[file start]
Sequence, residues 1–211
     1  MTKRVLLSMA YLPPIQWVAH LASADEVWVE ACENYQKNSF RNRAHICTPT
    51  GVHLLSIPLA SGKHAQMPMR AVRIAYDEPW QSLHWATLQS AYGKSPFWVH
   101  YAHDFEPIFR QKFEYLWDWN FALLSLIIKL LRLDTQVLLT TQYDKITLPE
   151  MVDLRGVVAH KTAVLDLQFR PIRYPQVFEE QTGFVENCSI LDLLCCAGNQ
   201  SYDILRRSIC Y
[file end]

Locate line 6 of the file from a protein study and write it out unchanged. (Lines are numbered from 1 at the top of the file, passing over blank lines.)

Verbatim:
   201  SYDILRRSIC Y